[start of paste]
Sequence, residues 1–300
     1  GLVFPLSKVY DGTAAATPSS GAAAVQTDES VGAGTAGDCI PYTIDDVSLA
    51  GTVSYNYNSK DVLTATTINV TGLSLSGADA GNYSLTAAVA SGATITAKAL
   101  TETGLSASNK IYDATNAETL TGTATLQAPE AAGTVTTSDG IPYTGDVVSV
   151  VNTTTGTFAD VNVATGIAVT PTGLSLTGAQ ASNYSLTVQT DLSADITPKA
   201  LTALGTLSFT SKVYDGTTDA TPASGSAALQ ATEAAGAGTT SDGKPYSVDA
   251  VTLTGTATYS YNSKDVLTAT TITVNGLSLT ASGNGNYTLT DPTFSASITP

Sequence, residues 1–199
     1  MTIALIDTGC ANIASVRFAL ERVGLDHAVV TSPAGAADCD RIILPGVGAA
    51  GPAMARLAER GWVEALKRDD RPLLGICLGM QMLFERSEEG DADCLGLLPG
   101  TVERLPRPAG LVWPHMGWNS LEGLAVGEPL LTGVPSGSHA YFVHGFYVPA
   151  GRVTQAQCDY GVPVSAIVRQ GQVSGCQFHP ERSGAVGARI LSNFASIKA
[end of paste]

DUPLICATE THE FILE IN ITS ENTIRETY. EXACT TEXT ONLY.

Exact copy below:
Sequence, residues 1–300
     1  GLVFPLSKVY DGTAAATPSS GAAAVQTDES VGAGTAGDCI PYTIDDVSLA
    51  GTVSYNYNSK DVLTATTINV TGLSLSGADA GNYSLTAAVA SGATITAKAL
   101  TETGLSASNK IYDATNAETL TGTATLQAPE AAGTVTTSDG IPYTGDVVSV
   151  VNTTTGTFAD VNVATGIAVT PTGLSLTGAQ ASNYSLTVQT DLSADITPKA
   201  LTALGTLSFT SKVYDGTTDA TPASGSAALQ ATEAAGAGTT SDGKPYSVDA
   251  VTLTGTATYS YNSKDVLTAT TITVNGLSLT ASGNGNYTLT DPTFSASITP

Sequence, residues 1–199
     1  MTIALIDTGC ANIASVRFAL ERVGLDHAVV TSPAGAADCD RIILPGVGAA
    51  GPAMARLAER GWVEALKRDD RPLLGICLGM QMLFERSEEG DADCLGLLPG
   101  TVERLPRPAG LVWPHMGWNS LEGLAVGEPL LTGVPSGSHA YFVHGFYVPA
   151  GRVTQAQCDY GVPVSAIVRQ GQVSGCQFHP ERSGAVGARI LSNFASIKA